Our family went out to dinner last week and we brought one of Crew’s friends with us.
The first kid looked the waitress in the eye and told her what she wanted for dinner. The next child ordered and made a modification from the menu — something along the lines of ‘hold anything healthy and add fries’. The next child asked a question to clarify the menu and then she ordered. We went all the way around the table — everyone speaking for themselves. Lastly, when we got to my 5 year old, he looked at the waitress and said, “I’ll have a quesadilla, please.”
The waitress looked at me with a huge smile. I assumed she was pleased as punch that they all ordered for themselves because I sure was. The kids were all so polite; they spoke clearly; they looked at her, and they took responsibility for their meals.
As we waited for our food, Crew’s friend commented, “Wow. I’ve never done that before.” When we asked what he was talking about he replied, “Ordered for myself.”
I was a little surprised because Chad and I have always made the kids order for themselves at restaurants – since they were little. They step to the register and state what they want or they tell the waiter. If they have a question about the menu, they have to ask. If they want to hold something from or add something to their plate, they have to make that clear. If they need an item brought to the table, they have to make the request.
(Later in the meal, Locke didn’t even go through mom or dad. He just asked the waitress, on his own, if we could have more chips and salsa.)
Early on in their lives the kids were reluctant to order, but they knew they wouldn’t get fed unless they spoke for themselves. So with much practice, coaching and example, they got more and more comfortable, and now they do a pretty good job of ordering their meals.
But it is not just in restaurants where I have the kids speak for themselves. I give them as much opportunities as I can.
For example, Elle was sick and we went to the doctor. When the nurse asked us the preliminary questions, I had Elle answer. Then the doctor came in and asked more questions. Again, I had Elle speak for herself. After all, she knew better than anyone how she was feeling. I chimed in with a few details, after Elle got a chance to talk, but first and foremost, Elle was an advocate for her own health.
A few days later my 7 year old daughter wanted to invite a new friend over to play. Croft wanted me to call, but I insisted that she needed to do the talking. We role played a bit and Croft dialed the number. She panicked as the phone rang and tried to pass it to me, but I passed it back to her, just as the mom answered. She was scared, but she did a great job and asked if her friend could play. Arranging her own play date was good practice for her.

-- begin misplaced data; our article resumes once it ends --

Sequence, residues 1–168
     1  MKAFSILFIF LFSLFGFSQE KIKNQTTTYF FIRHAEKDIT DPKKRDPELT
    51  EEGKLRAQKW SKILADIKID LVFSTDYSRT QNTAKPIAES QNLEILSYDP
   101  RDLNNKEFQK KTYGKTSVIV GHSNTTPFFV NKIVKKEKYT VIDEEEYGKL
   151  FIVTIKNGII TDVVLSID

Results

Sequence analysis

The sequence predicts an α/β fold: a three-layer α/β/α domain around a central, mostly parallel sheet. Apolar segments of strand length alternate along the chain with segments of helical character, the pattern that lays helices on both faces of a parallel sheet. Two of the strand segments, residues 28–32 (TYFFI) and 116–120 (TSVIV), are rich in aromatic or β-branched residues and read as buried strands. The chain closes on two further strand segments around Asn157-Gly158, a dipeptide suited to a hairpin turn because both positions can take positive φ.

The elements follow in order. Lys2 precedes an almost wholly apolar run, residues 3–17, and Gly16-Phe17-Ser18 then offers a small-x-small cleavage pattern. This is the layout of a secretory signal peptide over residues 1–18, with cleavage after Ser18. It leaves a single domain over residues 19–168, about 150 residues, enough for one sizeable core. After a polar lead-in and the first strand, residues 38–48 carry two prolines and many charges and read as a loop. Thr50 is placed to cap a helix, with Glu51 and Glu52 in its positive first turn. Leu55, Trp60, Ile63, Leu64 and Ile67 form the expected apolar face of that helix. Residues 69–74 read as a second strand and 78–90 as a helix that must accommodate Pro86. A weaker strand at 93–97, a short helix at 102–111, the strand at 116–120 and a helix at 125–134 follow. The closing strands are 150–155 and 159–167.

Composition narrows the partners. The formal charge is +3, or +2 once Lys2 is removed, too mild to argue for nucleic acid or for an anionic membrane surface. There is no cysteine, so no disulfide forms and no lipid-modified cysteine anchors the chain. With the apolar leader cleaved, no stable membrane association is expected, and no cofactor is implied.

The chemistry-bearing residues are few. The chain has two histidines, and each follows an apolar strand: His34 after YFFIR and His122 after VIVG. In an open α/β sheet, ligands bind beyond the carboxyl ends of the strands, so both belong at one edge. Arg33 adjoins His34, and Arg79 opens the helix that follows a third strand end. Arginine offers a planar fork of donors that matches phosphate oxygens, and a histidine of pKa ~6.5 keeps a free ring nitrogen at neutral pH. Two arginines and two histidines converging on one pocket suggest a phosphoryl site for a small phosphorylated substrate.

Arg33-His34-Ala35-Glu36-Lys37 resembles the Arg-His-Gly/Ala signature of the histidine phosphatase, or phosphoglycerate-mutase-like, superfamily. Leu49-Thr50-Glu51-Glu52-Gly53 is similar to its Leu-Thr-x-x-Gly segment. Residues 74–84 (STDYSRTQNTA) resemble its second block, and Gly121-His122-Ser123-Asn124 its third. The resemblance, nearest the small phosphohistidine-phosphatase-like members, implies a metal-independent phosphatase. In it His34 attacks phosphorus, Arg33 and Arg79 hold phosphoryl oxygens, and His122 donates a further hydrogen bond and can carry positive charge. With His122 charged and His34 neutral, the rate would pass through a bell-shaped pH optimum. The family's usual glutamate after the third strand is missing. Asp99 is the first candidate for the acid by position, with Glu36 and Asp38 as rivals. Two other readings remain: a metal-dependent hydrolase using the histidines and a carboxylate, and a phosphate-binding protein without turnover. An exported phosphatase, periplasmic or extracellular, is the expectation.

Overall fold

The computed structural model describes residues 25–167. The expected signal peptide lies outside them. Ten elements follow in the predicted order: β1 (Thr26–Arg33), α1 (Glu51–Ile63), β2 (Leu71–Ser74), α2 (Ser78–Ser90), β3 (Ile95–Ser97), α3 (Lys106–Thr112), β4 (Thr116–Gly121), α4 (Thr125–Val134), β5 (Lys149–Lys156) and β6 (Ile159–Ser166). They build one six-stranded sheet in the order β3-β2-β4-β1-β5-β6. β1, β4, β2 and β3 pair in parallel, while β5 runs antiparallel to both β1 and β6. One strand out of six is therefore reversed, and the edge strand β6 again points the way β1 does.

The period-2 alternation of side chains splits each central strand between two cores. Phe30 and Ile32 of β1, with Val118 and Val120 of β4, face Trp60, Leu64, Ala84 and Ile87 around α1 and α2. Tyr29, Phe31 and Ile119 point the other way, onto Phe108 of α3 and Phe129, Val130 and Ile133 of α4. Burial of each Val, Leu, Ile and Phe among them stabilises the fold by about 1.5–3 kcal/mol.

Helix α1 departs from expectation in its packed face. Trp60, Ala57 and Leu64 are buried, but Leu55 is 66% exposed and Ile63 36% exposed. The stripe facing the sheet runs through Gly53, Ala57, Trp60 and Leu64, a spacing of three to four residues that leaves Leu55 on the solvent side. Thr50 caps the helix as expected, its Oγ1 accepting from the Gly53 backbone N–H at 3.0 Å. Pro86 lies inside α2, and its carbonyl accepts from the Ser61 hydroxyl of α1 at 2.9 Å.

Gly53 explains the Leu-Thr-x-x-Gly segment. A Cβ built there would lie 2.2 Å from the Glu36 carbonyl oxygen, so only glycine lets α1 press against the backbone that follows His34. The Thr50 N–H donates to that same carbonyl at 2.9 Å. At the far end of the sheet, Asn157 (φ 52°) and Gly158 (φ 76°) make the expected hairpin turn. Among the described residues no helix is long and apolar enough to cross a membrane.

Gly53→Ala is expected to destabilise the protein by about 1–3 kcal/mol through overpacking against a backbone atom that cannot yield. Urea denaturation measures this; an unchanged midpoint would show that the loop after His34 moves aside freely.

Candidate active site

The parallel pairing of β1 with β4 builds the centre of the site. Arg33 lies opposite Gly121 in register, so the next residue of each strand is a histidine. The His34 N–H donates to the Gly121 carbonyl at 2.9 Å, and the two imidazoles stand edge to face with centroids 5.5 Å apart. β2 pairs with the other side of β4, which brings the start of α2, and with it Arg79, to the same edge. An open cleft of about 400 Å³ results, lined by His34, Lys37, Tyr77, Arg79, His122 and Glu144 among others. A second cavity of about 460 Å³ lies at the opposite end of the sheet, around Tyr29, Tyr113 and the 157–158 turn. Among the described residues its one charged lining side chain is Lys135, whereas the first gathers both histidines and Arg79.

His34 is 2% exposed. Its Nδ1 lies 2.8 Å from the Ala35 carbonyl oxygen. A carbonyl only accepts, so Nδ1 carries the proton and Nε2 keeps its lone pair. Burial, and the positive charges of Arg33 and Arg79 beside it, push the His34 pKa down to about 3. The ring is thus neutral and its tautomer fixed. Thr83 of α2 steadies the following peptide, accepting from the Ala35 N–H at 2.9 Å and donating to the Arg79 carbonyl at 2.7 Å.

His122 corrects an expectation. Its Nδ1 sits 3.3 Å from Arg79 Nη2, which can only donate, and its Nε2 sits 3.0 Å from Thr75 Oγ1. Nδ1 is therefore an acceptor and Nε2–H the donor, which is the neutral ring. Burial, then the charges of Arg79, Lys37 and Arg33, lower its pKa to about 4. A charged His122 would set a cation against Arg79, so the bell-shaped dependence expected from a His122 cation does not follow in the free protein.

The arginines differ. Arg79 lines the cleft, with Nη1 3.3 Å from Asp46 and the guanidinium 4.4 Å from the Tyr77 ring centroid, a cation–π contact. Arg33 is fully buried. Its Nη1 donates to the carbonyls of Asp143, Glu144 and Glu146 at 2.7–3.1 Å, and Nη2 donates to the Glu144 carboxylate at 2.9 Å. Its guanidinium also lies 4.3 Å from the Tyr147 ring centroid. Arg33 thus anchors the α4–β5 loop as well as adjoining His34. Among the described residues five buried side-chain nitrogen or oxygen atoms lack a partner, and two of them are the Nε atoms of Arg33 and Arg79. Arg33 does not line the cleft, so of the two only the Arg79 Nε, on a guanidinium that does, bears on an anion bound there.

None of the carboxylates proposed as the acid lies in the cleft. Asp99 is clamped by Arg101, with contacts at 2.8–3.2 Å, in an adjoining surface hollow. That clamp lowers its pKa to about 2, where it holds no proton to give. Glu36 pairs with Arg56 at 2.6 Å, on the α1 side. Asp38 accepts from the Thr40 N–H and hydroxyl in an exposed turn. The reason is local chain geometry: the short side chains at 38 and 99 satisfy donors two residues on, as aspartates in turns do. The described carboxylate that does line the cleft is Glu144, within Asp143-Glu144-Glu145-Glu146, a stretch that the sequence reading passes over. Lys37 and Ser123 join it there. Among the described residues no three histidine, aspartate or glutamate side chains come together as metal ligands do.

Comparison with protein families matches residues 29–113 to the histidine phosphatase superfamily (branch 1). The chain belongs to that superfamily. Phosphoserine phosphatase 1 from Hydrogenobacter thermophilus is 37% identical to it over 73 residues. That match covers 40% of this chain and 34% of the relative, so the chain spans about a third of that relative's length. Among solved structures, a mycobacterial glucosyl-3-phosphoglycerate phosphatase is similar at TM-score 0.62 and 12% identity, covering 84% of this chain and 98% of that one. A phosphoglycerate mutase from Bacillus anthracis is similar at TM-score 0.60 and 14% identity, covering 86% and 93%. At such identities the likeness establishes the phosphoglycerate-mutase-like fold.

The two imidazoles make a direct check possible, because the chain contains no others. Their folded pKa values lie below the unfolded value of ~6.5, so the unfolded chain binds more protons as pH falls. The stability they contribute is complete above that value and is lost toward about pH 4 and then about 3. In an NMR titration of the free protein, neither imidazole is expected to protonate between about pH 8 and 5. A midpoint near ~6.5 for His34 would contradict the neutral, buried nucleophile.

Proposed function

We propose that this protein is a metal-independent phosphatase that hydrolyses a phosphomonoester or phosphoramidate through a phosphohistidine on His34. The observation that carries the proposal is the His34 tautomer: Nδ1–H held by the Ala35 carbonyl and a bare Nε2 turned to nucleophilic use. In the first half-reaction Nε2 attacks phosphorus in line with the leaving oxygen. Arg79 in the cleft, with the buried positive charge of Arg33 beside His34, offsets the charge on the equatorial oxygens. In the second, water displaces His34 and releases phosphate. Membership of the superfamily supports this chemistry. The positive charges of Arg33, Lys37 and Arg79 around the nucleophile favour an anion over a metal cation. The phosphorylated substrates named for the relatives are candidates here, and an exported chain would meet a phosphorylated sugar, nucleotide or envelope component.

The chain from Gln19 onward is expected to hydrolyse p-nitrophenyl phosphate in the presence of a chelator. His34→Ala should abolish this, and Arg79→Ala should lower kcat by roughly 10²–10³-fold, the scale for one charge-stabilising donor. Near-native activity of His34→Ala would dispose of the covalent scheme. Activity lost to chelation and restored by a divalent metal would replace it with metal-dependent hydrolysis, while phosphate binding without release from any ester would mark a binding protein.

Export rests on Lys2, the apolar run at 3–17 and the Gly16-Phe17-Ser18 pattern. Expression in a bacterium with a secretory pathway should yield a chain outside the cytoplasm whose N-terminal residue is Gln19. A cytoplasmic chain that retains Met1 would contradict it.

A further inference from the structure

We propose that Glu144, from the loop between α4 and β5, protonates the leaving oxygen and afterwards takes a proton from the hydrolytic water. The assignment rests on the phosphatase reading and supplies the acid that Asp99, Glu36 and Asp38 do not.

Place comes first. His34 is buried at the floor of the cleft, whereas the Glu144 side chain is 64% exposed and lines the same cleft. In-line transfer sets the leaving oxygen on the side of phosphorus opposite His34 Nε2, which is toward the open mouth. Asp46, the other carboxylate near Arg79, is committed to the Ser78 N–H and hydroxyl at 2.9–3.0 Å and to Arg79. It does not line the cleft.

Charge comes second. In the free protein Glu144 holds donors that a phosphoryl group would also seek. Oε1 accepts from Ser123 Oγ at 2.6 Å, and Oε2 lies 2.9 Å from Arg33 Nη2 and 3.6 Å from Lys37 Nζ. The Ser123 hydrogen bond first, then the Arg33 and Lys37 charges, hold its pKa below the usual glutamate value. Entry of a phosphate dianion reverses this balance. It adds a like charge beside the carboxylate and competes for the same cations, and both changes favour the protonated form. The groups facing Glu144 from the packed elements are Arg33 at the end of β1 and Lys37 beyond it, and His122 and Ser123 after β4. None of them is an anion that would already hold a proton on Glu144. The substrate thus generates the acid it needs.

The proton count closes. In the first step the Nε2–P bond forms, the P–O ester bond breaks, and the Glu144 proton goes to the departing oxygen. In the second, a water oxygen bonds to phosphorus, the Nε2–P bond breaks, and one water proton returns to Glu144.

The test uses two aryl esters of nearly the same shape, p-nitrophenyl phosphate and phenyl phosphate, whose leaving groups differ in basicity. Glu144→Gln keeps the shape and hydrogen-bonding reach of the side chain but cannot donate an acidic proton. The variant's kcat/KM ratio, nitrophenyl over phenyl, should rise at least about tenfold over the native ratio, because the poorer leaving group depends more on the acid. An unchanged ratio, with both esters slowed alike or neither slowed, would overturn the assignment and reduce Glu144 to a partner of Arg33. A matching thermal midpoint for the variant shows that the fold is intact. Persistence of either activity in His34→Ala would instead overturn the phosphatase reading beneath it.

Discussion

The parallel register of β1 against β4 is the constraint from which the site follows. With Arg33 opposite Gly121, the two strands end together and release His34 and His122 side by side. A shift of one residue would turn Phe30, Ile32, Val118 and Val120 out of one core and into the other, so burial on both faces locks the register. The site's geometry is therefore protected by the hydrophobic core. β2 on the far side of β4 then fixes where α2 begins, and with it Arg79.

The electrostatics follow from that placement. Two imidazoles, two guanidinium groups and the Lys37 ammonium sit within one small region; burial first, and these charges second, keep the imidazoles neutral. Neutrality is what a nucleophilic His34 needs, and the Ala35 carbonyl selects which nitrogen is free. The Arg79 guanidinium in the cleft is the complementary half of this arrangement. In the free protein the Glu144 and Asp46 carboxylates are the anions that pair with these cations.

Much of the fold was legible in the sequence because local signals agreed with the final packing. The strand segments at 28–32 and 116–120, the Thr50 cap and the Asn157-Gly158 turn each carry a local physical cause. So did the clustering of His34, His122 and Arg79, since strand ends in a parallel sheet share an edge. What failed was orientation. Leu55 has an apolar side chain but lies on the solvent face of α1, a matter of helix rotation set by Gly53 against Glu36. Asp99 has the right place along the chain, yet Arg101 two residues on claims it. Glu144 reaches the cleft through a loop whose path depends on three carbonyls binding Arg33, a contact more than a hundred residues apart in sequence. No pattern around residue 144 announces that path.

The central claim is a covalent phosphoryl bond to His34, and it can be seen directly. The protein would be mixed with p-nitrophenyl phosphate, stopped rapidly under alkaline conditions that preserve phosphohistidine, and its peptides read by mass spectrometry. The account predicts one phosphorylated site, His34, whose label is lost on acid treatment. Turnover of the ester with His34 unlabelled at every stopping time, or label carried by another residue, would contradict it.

Croft also needed different people to participate in her baptismal program. I had her ask each participate via phone, text or in person. I wanted her to own her day.
Elle had some questions and concerns about her dance schedule. She had to talk to her company director and work out the details.
Maybe my parenting style comes from my upbringing with 9 siblings. Although we rarely went out to eat, my mom expected us to do most things for ourselves. My mom didn’t have time to talk to our teachers for us or arrange our social calendar or do our homework. She didn’t call other parents or coaches or bosses or friends and smooth things over for us. And beyond speaking, she didn’t come around and cut each one of our pancakes or obsess over our hair each morning or pack our backpacks. I was doing my own laundry, arranging my own carpools and filling out college applications by myself. She had 10 kids after all.
Sheer numbers necessitated independence.
But even though I don’t have 10 children, I can see the value in fostering independence in our children — not hovering, not coddling, not underestimating, not speaking for them.
I believe when we encourage children to speak for themselves, it sends the message to them that we trust them and that we believe that they are capable. Allowing them to speak gives them a voice and shows them that their voice is worth being heard. The more they learn to articulate their own wants and needs, the more their confidence grows.
Now I am not perfect at this by any means. I still catch myself talking for my children when an adult asks them a question, but at least I’m off to a good start. They get many opportunities to speak for themselves, and if nothing else, they can order themselves a meal.